It turns out that Whaleoil is not the only New Zealand media which has measured Golriz Ghahraman and found her wanting. It has taken a while for mainstream media to call her and the Green party out, but it was worth the wait. quote.
If there is a case to be made for stricter hate-speech laws, you?d have to say Green MP Golriz
Ghahramandoesn?t appear to be the best person to make it.
Watching her argue for tougher laws on Newshub Nation over the weekend, it was impossible not to wonder why a lawyer educated at Auckland and Oxford universities, seemed so unaware that she was repeatedly making highly questionable assertions and wild jumps in logic. end quote
Ouch! Don’t hold back, tell us what you really think. quote.
In the debate with lawyer and free-speech advocate Stephen Franks, Ghahraman said, ?This is a conversation we need to be having because our hate speech laws aren?t actually fit for purpose right now?, but she didn?t come close to explaining why our laws need reforming ? apart from implying the Christchurch massacres themselves were reason enough.
Among a number of dubious claims, Ghahraman said that Facebook doesn?t ?regulate hate speech? when, as Franks pointed out, it actually spends a lot of money doing just that.
[…] tech companies, including Facebook, Google and Twitter, removed 72 per cent of illegal ?hate speech? on their platforms in 2018. Facebook removed 82 per cent of such inflammatory posts, up from 28 per cent in 2016.
When Franks turned the conversation to religion, Ghahraman said that under hate-speech laws, ?You can always criticise a religion.? This is patently untrue, including in the UK and France. end quote.
“Patently untrue”, “dubious claims”; this all reminds me of the infamous CV joke doing the rounds on Twitter last year. Quote.
When Franks pointed out that passages in the Bible incite hostility against adulterers and gays […] and that the Koran advocates the slaughter of infidels and apostates, it was clear Ghahraman didn?t want to debate that particular issue ? even though they would be clear examples of hate speech under such laws.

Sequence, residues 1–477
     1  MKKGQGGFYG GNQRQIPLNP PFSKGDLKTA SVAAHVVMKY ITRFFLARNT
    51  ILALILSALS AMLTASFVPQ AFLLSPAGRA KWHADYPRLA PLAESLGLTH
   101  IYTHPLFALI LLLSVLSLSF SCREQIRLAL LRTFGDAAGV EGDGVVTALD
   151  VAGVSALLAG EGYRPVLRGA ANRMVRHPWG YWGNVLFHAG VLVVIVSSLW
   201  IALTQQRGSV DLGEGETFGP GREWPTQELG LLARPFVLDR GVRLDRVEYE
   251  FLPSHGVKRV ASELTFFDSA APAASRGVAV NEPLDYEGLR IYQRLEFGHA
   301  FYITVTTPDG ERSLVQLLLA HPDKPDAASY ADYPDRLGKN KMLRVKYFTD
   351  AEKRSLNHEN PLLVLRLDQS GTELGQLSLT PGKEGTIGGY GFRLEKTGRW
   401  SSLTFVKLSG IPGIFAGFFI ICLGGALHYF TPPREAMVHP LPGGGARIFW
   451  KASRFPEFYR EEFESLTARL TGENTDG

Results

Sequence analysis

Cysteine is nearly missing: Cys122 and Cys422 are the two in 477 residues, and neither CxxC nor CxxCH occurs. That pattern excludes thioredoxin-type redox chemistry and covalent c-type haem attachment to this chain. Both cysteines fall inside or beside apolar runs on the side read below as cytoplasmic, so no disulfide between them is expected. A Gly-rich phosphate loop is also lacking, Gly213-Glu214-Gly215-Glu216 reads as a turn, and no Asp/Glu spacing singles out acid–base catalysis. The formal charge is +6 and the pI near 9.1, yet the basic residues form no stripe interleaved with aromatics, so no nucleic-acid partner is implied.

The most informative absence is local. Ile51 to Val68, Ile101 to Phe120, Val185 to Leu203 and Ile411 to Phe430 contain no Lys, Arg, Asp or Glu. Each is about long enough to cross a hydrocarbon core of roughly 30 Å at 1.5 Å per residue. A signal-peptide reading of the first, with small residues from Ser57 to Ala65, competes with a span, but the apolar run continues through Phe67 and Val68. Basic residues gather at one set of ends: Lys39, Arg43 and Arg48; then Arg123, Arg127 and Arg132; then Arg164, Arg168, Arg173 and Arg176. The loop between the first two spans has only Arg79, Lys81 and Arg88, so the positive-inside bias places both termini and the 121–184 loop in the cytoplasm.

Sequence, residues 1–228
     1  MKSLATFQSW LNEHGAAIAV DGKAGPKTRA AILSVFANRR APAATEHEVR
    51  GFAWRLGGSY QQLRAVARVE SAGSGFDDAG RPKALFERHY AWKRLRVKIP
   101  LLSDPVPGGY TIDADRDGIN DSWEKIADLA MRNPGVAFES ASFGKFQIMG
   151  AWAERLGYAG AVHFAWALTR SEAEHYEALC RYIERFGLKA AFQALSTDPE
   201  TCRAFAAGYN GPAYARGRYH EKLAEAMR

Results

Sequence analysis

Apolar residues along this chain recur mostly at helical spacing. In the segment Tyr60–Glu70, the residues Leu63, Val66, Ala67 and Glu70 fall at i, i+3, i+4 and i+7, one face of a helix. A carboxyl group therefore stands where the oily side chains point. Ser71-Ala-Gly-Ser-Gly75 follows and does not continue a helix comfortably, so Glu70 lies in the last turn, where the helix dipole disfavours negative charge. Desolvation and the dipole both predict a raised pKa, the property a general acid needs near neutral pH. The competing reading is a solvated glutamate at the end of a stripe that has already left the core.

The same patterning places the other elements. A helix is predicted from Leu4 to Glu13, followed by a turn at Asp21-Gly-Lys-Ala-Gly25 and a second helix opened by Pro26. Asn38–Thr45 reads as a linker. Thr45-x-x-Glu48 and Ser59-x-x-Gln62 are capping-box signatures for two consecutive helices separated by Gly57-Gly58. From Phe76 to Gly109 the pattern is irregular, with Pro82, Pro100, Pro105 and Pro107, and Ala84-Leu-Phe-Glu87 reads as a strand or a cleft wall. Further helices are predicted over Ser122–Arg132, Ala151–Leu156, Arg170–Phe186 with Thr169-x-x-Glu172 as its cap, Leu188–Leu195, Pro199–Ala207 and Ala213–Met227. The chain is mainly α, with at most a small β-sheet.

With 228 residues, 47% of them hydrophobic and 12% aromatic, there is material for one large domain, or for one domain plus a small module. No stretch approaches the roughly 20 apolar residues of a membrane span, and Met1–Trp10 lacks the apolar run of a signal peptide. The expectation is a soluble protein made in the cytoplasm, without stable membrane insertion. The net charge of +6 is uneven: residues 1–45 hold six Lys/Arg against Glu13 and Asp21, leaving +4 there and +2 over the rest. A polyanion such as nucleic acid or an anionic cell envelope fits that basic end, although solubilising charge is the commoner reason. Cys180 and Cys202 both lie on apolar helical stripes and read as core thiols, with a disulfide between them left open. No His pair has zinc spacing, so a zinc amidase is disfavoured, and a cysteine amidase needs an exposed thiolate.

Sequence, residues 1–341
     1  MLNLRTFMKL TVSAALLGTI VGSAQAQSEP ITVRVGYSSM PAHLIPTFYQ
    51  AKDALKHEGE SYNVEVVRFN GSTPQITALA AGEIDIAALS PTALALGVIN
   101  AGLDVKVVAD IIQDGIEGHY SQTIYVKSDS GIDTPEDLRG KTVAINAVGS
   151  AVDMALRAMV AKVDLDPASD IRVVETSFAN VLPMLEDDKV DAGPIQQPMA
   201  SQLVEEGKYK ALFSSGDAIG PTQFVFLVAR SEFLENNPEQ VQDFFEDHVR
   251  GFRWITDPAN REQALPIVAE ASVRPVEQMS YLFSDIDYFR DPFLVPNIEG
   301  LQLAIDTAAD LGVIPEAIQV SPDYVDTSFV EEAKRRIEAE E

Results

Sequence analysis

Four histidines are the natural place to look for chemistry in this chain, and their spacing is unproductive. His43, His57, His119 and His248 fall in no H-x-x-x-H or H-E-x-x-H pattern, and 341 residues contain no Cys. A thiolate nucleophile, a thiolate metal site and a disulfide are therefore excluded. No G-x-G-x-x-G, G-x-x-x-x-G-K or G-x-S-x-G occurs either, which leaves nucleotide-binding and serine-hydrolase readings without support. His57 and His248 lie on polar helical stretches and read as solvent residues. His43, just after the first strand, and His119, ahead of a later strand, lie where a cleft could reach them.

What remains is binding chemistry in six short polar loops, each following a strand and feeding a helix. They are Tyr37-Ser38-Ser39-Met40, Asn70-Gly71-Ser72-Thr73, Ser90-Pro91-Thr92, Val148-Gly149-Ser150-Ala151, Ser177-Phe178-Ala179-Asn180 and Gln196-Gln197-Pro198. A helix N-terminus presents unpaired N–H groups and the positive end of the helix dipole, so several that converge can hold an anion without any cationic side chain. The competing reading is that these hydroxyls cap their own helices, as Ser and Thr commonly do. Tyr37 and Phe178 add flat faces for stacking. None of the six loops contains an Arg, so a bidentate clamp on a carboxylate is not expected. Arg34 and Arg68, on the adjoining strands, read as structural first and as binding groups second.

Franks said he didn?t think inflammatory sacred texts should be banned but rather their unpleasant messages should be countered with ?more speech and persuasion? but, clearly unwilling to discuss the issue, she abruptly changed the topic.
?So let?s look at what?s happening in New Zealand right now,? she said. ?We?ve had an outpouring of absolute love and unity across the country. New Zealanders have told us they don?t want to live in a divisive, hateful world.?
How anyone ? let alone a trained lawyer ? would think that such an ?outpouring? is evidence of a general desire for stricter hate speech laws, which is what I assume she meant, is beyond bewildering.[…]
[…] Ghahraman finished the debate on a triumphant note after Franks implied there was no compelling evidence for a link between hate speech and hate crimes.
?How about the words ?UN Migration Compact? being written on the butt of [the accused’s] gun?? she cried, as if that irrefutably confirmed a link between hate speech and the Christchurch killings, presumably because she assumes that opposing the compact always amounts to hate speech towards immigrants.
Ghahraman?sperformance cannot be put down to nervousness from being under the gaze of TV cameras. She seems just as confused on Twitter. end quote.
” Confused” ? double ouch. quote.
[…] many of us understand, like Franks, that some of the most influential purveyors of opinions hostile to gays, lesbians and transgender folk are organised religions that rely on fundamentalist interpretations of sacred texts. Knowing that, why would anyone who supported gay and lesbian rights want religions to be protected from criticism? end quote.
What a great question. Why would anyone who claims to support equal rights for gays lesbians and transgender people want to protect religions from criticism?quote.
[…] days before
Ghahraman?sApril 3 tweet, leaders around the world ? including Winston Peters ? condemned Brunei?s strict Sharia laws that prescribe death by stoning for homosexuals and adulterers.
When asked on Twitter if she would also condemn these laws, Ghahraman didn?t answer the question. end quote.
Why did she not answer the question? It is a very simple question. quote.
[…] when faced with the dilemma of condemning Sharia law or standing up for gays in countries subject to its lethal punishments, Ghahraman ducks for cover.
[…] Expanding hate-speech laws in a country that has been remarkably secular and open to free speech for decades is dangerous ground for a politician.
[…] Labour and the Greens may be buying themselves an extremely bitter and damaging fight. They could well find during its bruising rounds that many New Zealanders care more about retaining freedom of expression and their right to offend than campaigners such as Golriz Ghahraman might guess.Noted